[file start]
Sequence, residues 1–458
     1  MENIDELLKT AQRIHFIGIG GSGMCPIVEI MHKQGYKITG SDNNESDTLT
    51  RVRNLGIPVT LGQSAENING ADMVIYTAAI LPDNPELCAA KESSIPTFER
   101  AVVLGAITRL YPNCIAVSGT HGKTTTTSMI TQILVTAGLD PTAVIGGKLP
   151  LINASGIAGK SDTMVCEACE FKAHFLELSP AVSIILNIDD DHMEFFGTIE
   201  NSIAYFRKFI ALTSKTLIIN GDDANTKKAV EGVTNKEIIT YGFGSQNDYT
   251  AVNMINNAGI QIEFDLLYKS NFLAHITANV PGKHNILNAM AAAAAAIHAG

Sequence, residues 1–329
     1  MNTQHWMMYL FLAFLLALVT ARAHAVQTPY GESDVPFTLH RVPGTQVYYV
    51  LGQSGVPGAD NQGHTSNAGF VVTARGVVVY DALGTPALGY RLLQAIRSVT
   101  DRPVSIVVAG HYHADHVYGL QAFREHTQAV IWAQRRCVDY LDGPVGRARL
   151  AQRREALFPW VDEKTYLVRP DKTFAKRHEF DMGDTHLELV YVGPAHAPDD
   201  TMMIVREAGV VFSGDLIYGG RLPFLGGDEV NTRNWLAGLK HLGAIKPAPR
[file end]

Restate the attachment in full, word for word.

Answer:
Sequence, residues 1–458
     1  MENIDELLKT AQRIHFIGIG GSGMCPIVEI MHKQGYKITG SDNNESDTLT
    51  RVRNLGIPVT LGQSAENING ADMVIYTAAI LPDNPELCAA KESSIPTFER
   101  AVVLGAITRL YPNCIAVSGT HGKTTTTSMI TQILVTAGLD PTAVIGGKLP
   151  LINASGIAGK SDTMVCEACE FKAHFLELSP AVSIILNIDD DHMEFFGTIE
   201  NSIAYFRKFI ALTSKTLIIN GDDANTKKAV EGVTNKEIIT YGFGSQNDYT
   251  AVNMINNAGI QIEFDLLYKS NFLAHITANV PGKHNILNAM AAAAAAIHAG

Sequence, residues 1–329
     1  MNTQHWMMYL FLAFLLALVT ARAHAVQTPY GESDVPFTLH RVPGTQVYYV
    51  LGQSGVPGAD NQGHTSNAGF VVTARGVVVY DALGTPALGY RLLQAIRSVT
   101  DRPVSIVVAG HYHADHVYGL QAFREHTQAV IWAQRRCVDY LDGPVGRARL
   151  AQRREALFPW VDEKTYLVRP DKTFAKRHEF DMGDTHLELV YVGPAHAPDD
   201  TMMIVREAGV VFSGDLIYGG RLPFLGGDEV NTRNWLAGLK HLGAIKPAPR